Reprinted from yesterday's late editions
The Bullets gave a stunning answer last night to those critics who had called last year's play-off domination of Philadelphia an accident.
Taking on the revised 76ers before a startled crowd at the Spectrum, Washington turned in a brilliant performance for 3 1/2 quarters, opening a 25 point lead before suffering a typical NBA letdown.
A 76er rally cut the final score to 121-111, but that margin gives little indication as to how much the Bullets overwhelmed their talented opponents.
Suddenly, Washington no longer has to deal with any credibility gap after its league-championship season. As guard Larry Wright put it: "People are going to have to beat us now. We are on the top and we have to be knocked off."
Philadelphia thought it would be the first to bring the Bullets back to earth in this early season confrontation. But despite two new starters and a new offense the 76ers had the same old problems against Washington that cost them in last year's playoffs: rebounding and defense.
With their reserves shooting 68 percent and scoring 61 points, the Bullets won on the strength of their depth, their hustle and their ability to control the game's tempo. Until the last six minutes, they were hitting at almost a 70 percent rate from the floor, much of the time without much resistance from the 76ers.
Much as in their first two victories of the year, almost every Bullet shared in the glory of this triumph, which had the fans in the City of Brotherly Love heartily booing their 76ers by the end of the third period.
The victory was even more impressive considering that leading scorer Elvin Hayes had only nine points on four-of-15 shooting. A normal night from him and heaven knows what the Philly fans would have done. As it was Hayes' teammates made 44 of 65 shots.
Starting with 10 points from Greg Ballard in the opening period against Julius Erving and continuing with the marksmanship of Wright and Charles Johnson in the second (a combined nine for 12 in the quarter), Washington looked every bit a league champion in the opening half. In the second half, the starters took over, pulling to that 25-point bulge when Wes Unseld sank a layup off a Mitch Kupchak feed to end the third period.
Johnson finished with 19 points, Bob Dandridge had 18, Kevin Grevey 17 and five others had a least 10 points. Unseld, Tom Henderson and Dandridge also contributed six assists apiece, the result of the Bullets' fine offensive execution. And they outrebounded Philly by a misleading five, since that total was in double figures for most of the game.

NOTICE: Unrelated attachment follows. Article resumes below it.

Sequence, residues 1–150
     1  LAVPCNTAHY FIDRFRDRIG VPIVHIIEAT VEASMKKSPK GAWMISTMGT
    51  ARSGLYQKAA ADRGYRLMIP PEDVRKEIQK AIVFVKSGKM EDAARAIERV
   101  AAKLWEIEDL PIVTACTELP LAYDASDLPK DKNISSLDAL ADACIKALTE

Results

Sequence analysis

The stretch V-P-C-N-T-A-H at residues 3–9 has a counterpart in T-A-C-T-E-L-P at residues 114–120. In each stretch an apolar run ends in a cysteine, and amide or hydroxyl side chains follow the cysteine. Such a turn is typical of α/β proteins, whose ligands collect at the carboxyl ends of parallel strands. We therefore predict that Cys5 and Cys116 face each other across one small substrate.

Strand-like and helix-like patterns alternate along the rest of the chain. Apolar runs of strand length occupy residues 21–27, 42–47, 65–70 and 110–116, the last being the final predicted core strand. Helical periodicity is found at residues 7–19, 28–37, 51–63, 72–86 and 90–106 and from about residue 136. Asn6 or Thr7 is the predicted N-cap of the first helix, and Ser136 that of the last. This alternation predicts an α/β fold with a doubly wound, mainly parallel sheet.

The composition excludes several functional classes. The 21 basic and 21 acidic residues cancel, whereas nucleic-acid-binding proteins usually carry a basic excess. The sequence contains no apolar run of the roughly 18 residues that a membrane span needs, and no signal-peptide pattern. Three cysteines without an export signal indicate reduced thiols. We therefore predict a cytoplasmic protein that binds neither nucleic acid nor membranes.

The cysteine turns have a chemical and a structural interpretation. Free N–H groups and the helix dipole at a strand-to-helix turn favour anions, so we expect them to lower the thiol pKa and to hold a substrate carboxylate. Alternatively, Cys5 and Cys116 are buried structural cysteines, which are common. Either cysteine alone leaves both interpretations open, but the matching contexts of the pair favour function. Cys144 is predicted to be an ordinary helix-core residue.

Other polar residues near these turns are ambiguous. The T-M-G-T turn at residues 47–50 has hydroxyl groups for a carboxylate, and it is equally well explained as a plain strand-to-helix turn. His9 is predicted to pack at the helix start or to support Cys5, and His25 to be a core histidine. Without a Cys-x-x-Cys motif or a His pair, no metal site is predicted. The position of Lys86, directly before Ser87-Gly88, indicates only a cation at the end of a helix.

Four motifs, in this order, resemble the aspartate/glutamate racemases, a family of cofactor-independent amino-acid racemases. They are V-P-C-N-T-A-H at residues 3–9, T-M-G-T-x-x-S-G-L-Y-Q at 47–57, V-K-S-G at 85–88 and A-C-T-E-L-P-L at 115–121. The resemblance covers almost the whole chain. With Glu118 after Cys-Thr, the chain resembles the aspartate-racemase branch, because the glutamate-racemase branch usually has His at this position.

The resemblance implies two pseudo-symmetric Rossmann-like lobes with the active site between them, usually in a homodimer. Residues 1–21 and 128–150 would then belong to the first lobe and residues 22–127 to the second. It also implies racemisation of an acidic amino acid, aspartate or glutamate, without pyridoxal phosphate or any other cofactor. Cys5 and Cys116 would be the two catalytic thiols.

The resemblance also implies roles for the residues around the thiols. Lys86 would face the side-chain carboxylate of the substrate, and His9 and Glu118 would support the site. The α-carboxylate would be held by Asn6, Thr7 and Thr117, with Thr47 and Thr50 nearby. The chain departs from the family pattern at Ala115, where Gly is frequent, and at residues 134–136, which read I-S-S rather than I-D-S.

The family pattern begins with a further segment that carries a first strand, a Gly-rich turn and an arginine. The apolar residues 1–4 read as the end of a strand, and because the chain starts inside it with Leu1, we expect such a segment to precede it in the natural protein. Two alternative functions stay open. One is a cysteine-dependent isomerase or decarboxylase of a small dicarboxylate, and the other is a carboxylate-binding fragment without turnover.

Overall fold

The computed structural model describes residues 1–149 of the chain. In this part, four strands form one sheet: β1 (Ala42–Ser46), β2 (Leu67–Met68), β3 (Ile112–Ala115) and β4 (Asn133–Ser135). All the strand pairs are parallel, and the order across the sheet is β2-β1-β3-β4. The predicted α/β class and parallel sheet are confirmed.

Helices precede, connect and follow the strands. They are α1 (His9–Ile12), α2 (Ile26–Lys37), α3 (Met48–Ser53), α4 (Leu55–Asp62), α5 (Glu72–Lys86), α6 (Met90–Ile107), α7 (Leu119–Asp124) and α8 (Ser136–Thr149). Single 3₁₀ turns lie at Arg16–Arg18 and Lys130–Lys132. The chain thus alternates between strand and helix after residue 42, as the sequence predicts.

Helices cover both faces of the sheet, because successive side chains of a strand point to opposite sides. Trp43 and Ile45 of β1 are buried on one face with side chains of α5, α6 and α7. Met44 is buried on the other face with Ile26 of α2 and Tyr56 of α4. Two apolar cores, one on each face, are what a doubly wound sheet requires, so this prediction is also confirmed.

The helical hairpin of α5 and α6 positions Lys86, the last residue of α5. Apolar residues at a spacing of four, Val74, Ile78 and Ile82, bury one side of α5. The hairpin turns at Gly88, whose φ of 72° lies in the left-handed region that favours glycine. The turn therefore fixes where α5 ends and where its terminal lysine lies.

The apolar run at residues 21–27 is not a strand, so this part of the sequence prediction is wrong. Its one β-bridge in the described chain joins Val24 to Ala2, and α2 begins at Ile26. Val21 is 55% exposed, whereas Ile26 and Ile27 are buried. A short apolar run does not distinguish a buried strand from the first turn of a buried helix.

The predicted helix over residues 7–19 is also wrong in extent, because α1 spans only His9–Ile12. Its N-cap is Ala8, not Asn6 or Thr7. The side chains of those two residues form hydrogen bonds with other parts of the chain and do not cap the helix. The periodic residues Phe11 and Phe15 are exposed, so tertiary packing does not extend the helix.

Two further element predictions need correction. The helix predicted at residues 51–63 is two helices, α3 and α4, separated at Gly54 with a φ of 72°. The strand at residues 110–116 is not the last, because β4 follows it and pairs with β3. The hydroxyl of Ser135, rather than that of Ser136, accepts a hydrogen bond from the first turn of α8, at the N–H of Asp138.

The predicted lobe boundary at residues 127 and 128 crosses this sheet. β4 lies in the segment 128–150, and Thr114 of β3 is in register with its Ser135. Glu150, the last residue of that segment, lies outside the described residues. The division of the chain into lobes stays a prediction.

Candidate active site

Not until the 76ers went with a ragtag combination in the fourth period did they make the game somewhat respectable. They cut the Bullets' lead to six points with 2:09 left, but a couple of misses by Erving and two foul shots apiece by Unseld and Henderson ended the threat.
"We already are a better team now than we were any time last year," said Coach Dick Motta. "We just thought we had it won too soon, but you know, in this league, a 20-point lead is always dangerous."
This perhaps wasn't a fair test of how good the 76ers are going to be this year. They are learning to play without both George McGinnis and Lloyd Free while also adapting to a new continuity offense. While they are trying to stop their old offensive habits, clubs like the Bullets are quickly taking advantage of lapses.
"I don't know if we are really playing all that well," said Unseld. "We are just further along and it might catch up to us in April. A lot of teams are working in new people and new plays. Once they get things together, they will be tougher to handle."
But for the time being, the Bullets are dominating the matchups against the 76ers and that is where games are won in the NBA. Dandridge is capable of controlling Erving, Philly's key man, and Washington's bench is stronger and more consistent.
The Bullet reserves were magnificent in this one. Johnson got into one of his characteristics hot streaks in the second period and probably could have made baskefs while sitting down. With Wright picking up the pace, the inside game opened up for Dandridge, who had eight points in the quarter. Of the Bullets' 32 points in that stanza, only two came from the starters.
But Philly hadn't seen anything yet. Now Motta had a rested first unit and those fresh players fired away at a 72 percent pace in the third.
Against such torrid shooting, the 76ers gradually fell further and further behind. From a nine-point spread, Washington exploded behind excellent passing, a nifty fast break and balanced scoring - six players had at least four points in the quarter - to bring forth a chorus of Bronx cheers from the crowd.